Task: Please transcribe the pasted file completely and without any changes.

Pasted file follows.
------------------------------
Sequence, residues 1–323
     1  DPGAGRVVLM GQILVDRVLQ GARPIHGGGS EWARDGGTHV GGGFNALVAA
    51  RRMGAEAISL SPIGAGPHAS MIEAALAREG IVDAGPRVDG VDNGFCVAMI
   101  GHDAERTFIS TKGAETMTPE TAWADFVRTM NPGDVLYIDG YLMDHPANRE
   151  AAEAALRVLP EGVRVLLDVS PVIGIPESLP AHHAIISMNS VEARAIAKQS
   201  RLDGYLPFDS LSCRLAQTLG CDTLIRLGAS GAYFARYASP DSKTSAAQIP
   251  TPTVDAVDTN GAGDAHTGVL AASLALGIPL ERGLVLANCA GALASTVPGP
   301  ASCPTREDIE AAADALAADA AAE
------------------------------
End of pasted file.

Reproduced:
Sequence, residues 1–323
     1  DPGAGRVVLM GQILVDRVLQ GARPIHGGGS EWARDGGTHV GGGFNALVAA
    51  RRMGAEAISL SPIGAGPHAS MIEAALAREG IVDAGPRVDG VDNGFCVAMI
   101  GHDAERTFIS TKGAETMTPE TAWADFVRTM NPGDVLYIDG YLMDHPANRE
   151  AAEAALRVLP EGVRVLLDVS PVIGIPESLP AHHAIISMNS VEARAIAKQS
   201  RLDGYLPFDS LSCRLAQTLG CDTLIRLGAS GAYFARYASP DSKTSAAQIP
   251  TPTVDAVDTN GAGDAHTGVL AASLALGIPL ERGLVLANCA GALASTVPGP
   301  ASCPTREDIE AAADALAADA AAE